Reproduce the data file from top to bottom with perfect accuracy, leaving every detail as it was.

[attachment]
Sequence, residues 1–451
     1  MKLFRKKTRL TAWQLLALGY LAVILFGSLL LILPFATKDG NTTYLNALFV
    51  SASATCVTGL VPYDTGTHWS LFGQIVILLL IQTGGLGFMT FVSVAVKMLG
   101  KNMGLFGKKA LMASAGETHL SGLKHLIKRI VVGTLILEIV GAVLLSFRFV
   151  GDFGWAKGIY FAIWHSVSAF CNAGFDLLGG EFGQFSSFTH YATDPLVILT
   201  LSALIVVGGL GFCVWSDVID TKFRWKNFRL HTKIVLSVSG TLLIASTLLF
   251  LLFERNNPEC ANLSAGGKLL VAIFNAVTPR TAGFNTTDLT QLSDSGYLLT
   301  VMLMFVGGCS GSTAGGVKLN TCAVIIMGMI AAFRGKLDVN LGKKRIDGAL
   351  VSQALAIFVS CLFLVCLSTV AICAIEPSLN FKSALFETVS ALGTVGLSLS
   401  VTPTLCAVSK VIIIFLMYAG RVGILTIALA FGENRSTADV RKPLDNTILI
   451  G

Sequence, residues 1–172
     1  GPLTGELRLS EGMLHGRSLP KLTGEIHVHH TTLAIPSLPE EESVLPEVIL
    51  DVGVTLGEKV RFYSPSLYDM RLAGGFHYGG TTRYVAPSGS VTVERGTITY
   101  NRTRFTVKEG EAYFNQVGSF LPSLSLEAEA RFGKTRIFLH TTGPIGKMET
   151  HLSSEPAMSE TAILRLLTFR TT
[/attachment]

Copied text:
Sequence, residues 1–451
     1  MKLFRKKTRL TAWQLLALGY LAVILFGSLL LILPFATKDG NTTYLNALFV
    51  SASATCVTGL VPYDTGTHWS LFGQIVILLL IQTGGLGFMT FVSVAVKMLG
   101  KNMGLFGKKA LMASAGETHL SGLKHLIKRI VVGTLILEIV GAVLLSFRFV
   151  GDFGWAKGIY FAIWHSVSAF CNAGFDLLGG EFGQFSSFTH YATDPLVILT
   201  LSALIVVGGL GFCVWSDVID TKFRWKNFRL HTKIVLSVSG TLLIASTLLF
   251  LLFERNNPEC ANLSAGGKLL VAIFNAVTPR TAGFNTTDLT QLSDSGYLLT
   301  VMLMFVGGCS GSTAGGVKLN TCAVIIMGMI AAFRGKLDVN LGKKRIDGAL
   351  VSQALAIFVS CLFLVCLSTV AICAIEPSLN FKSALFETVS ALGTVGLSLS
   401  VTPTLCAVSK VIIIFLMYAG RVGILTIALA FGENRSTADV RKPLDNTILI
   451  G

Sequence, residues 1–172
     1  GPLTGELRLS EGMLHGRSLP KLTGEIHVHH TTLAIPSLPE EESVLPEVIL
    51  DVGVTLGEKV RFYSPSLYDM RLAGGFHYGG TTRYVAPSGS VTVERGTITY
   101  NRTRFTVKEG EAYFNQVGSF LPSLSLEAEA RFGKTRIFLH TTGPIGKMET
   151  HLSSEPAMSE TAILRLLTFR TT